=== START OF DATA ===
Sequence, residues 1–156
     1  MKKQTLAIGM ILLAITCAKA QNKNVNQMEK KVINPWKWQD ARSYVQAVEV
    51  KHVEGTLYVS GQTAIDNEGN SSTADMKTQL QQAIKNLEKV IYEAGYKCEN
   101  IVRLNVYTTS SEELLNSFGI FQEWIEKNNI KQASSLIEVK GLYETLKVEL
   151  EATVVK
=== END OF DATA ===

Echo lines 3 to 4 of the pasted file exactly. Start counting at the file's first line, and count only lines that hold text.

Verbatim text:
    51  KHVEGTLYVS GQTAIDNEGN SSTADMKTQL QQAIKNLEKV IYEAGYKCEN
   101  IVRLNVYTTS SEELLNSFGI FQEWIEKNNI KQASSLIEVK GLYETLKVEL